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For one week, at least, Amazon’s HQ2 is in Las Vegas.

Amazon Web Services will get the last word on cloud computing in 2017 and set the agenda for the industry going into 2018 at its sixth annual re:Invent conference in Sin City this week. More than 40,000 people are expected to attend the event, which sprawls across several hotels along Las Vegas Boulevard and features thousands of technical sessions, workshops, and exhibitors gathering for the Super Bowl of cloud computing.

Like cloud computing in general, re:Invent has evolved over the past five years from a cozy event catering to developers to a Big Enterprise Computing Show not dissimilar from the likes of Oracle OpenWorld or Salesforce’s Dreamforce; although we can all be thankful AWS isn’t taking over several blocks of downtown Seattle this week, given the traffic nightmares those events bring to San Francisco.

Amazon Web Services CEO Andy Jassy at a previous re:Invent conference. (Amazon Photo)

Techies decided long ago that cloud computing was the way to go for a large portion of their workloads, and AWS is now focused on helping older companies with legacy technology find a way to take advantage of this new world.

Still, expect a flurry of announcements catered to both developers and chief information officers. AWS needs to convince the former that it is still the most technically advanced cloud, given renewed competition from the likes of Microsoft Azure and Google Cloud Platform. And CIOs who have been asked to develop a cloud computing strategy need assurances from the market leader that they’ll be able to make the transition in a timely fashion without breaking anything.

Amazon kicked off the news early with the announcement Monday morning of its new Sumerian service for creating augmented and virtual reality environments, and five new media services for video providers from its Portland-based AWS Elemental division. The company also announced a customer win: TurboTax and QuickBooks maker Intuit will use AWS for machine learning and artificial intelligence.

Nothing is ever a sure bet in Vegas, but here are a few other items we’re likely to hear about:

Managed Kubernetes: AWS is the only cloud vendor that doesn’t have its own managed Kubernetes service, and after joining the Cloud Native Computing Foundation in August, the timing seems about right for that to change. Kubernetes has enjoyed quite a year, emerging as the de facto standard for container orchestration. But it is a complicated beast, and most people need a little help making it work.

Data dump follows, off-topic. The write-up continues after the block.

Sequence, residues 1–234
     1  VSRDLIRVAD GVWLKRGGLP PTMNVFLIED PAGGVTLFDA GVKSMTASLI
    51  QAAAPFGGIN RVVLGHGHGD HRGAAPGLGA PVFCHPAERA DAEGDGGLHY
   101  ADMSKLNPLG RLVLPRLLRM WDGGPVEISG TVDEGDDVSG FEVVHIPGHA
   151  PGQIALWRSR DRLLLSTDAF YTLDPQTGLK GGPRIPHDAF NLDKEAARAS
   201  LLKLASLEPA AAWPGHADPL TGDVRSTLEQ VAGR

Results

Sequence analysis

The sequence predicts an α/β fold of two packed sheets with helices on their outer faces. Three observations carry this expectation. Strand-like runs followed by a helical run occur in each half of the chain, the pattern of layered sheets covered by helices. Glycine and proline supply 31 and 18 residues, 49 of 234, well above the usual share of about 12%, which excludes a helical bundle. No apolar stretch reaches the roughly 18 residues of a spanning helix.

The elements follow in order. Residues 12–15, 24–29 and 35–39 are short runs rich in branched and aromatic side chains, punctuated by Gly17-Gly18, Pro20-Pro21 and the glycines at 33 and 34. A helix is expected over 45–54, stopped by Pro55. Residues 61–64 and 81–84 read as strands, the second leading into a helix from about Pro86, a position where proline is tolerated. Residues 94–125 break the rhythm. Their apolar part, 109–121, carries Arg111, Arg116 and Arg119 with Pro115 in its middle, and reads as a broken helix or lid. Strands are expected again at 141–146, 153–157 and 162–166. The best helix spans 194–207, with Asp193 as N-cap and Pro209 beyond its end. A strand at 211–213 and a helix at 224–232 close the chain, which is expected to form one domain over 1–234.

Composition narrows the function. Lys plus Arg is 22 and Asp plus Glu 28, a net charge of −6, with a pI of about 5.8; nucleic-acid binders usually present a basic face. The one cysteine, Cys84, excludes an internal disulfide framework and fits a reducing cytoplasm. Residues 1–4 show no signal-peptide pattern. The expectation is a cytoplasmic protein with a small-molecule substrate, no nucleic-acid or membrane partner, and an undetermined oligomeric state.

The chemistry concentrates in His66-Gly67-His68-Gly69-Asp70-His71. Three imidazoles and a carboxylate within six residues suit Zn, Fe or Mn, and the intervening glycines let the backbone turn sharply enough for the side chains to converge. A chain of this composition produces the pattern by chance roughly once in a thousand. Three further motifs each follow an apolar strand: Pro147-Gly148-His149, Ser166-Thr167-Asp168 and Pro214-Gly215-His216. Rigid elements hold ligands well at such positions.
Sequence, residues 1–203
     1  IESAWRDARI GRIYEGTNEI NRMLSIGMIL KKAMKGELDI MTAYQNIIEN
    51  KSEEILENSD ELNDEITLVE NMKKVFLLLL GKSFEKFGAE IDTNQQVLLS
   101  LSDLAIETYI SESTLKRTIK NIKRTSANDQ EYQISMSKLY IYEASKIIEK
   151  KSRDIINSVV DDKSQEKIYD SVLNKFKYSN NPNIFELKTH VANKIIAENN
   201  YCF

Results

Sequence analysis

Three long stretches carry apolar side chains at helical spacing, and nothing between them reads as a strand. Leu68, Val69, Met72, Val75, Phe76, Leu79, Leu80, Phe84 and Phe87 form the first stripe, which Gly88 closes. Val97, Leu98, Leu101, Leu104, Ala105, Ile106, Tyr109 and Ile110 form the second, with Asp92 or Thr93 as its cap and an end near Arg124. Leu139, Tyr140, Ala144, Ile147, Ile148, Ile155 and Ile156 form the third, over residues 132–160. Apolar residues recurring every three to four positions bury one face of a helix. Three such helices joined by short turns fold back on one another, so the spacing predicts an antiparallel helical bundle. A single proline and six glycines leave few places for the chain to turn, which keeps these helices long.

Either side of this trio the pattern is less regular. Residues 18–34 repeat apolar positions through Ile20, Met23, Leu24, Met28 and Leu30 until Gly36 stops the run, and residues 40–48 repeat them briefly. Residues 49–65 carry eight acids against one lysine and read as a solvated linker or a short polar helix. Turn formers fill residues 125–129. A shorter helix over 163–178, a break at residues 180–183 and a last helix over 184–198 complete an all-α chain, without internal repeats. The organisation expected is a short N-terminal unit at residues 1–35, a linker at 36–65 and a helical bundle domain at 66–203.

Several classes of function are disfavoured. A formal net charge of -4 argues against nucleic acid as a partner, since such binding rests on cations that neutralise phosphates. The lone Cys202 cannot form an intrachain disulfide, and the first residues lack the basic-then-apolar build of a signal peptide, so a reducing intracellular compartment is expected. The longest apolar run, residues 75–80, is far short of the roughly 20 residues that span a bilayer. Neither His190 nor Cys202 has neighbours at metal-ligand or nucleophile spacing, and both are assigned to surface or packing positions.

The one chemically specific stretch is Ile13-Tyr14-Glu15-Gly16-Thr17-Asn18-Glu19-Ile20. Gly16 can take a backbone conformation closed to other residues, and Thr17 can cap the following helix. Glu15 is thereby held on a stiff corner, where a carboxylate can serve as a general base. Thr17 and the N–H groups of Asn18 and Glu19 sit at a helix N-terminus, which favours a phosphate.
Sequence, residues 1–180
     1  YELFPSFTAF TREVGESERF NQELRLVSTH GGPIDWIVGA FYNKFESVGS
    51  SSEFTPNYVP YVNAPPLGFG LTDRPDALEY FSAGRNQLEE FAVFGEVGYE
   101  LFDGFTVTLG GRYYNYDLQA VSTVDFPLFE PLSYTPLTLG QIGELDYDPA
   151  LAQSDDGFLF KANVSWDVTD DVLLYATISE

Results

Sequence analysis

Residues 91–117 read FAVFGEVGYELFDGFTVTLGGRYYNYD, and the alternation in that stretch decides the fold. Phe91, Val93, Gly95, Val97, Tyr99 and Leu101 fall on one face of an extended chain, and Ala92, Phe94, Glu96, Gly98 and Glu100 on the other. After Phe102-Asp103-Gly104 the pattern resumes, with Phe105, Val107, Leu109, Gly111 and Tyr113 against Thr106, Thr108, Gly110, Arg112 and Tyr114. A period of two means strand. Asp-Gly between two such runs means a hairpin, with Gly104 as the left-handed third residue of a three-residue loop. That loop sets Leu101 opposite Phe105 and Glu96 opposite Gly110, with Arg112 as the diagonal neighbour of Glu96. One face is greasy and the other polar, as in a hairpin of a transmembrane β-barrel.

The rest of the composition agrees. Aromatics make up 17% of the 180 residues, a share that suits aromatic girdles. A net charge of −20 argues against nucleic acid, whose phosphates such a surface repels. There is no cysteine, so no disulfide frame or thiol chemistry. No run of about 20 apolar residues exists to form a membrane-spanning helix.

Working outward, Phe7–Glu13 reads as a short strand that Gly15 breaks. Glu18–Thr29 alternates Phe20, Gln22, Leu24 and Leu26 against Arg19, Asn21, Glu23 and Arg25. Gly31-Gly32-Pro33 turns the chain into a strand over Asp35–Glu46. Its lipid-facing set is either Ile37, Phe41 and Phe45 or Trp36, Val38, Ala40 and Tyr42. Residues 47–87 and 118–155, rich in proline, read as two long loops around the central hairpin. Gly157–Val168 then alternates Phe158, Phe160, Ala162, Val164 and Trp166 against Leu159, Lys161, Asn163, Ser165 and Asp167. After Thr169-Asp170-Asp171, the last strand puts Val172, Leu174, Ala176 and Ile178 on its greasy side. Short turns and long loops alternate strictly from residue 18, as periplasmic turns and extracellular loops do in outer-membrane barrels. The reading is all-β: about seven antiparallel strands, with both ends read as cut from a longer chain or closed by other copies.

Bare metal: Most cloud customers run their workloads on virtualized or containerized servers, in which several different customers share the same hardware. That’s fine for most people, but some customers need to have exclusive use of a server for performance or compliance reasons. This is called “bare metal,” and last week bare-metal cloud provider Packet wrote one of those classic “thanks for validating the market” blog posts usually written when you’re pretty sure an 800-pound gorilla is threatening to steal your startup’s business. AWS offers bare-metal servers for VMware customers, but seems poised to extend that service.

Big customers: Re:Invent tends to be a parade of high-profile CEOs and CIOs that have decided to cast their computing lot with AWS, and this year won’t be any different. A health-care partnership with Cerner seems like it might make a big splash, but I wouldn’t be surprised to see other big household names grace the stage with AWS CEO Andy Jassy during his keynote address Wednesday morning.

Artificial intelligence and serverless. This is a pretty easy prediction: Jassy did something a little different ahead of re:invent this year, tweeting that Amazon CTO Werner Vogels would eschew product announcements during his Thursday keynote address.

Expect Vogels to outline new research directions for both AI, which is a key battleground for cloud vendors heading into next year, and serverless, a movement that AWS kicked off with the release of Lambda at re:Invent in 2014.

Open source: With the lion’s share of the cloud market and ever-expanding revenue and profit, AWS was often accused this year of being the classic enterprise computing rent-seeker everybody loved to hate back in the days when Oracle and Cisco ruled this world. Part of that criticism focused on the proprietary nature of the services offered by AWS and the charge that AWS is less interested in giving back to the open-source community than others.

That criticism softened a bit with the CNCF announcement, but it didn’t go away, and releasing a big open-source contribution at re:Invent might adjust its image among the development community. In any event, I’ll be surprised if either Jassy or Vogels doesn’t tip their caps to the open-source community projects that underpin so much of cloud computing.

This is not meant to be a full list: with so many sessions and so many other companies making the trek to Las Vegas to take advantage of the big tent AWS is gathering, there will likely be a lot of partner announcements as well as some product introductions to be demonstrated on the show expo floor. I’ll be on the ground in Vegas on Monday, and will have coverage all week from the biggest show in the cloud.

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